In this article, we offer a psychoanalytic reading of controversies over “rapid onset gender dysphoria” (popularly known as ROGD), defined as a sudden expression of gender dysphoria in late adolescence and young adulthood where there had not purportedly been evidence of childhood dysphoric experience. We begin by tracing the emergence of the term in relation to contemporary debates about gender, free speech, and academic freedom. Turning to the psychoanalytic concept of free association, we reframe speech as bound to the unconscious and theorize the ethical qualities of animating this linkage in relation to discussions of gender diversity and ROGD in particular. Our discussion supports theorists, clinicians, parents, teachers, and other caring adults who encounter the term to distinguish between collective anxiety and the labor of thought that involves working through feelings of coming undone in the undoing of cisgender.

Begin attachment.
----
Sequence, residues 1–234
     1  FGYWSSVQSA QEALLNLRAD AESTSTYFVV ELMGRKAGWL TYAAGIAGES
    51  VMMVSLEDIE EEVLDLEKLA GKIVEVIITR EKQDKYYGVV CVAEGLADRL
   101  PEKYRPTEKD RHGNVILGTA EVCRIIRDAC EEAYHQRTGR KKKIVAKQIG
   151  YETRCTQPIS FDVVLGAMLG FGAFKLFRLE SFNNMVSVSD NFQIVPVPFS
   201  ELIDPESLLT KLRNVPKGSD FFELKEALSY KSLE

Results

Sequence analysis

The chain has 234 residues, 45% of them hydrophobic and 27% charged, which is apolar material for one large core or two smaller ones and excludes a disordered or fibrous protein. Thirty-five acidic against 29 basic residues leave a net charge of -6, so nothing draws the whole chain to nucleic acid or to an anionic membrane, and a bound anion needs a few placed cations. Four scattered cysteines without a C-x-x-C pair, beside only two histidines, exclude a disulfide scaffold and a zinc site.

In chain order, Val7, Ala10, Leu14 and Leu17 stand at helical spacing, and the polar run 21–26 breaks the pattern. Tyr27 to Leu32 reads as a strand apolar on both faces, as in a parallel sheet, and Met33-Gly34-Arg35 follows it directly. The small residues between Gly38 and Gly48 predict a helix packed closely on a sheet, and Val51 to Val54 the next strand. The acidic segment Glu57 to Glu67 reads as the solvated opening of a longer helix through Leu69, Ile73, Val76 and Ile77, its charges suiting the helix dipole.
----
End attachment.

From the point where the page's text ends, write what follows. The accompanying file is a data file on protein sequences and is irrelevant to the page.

Transgender Embodiment as an Appeal to Thought: A Psychoanalytic Critique of “Rapid Onset Gender Dysphoria”
By Lisa Farley, Ph.D & RM Kennedy , Ph.D, 2020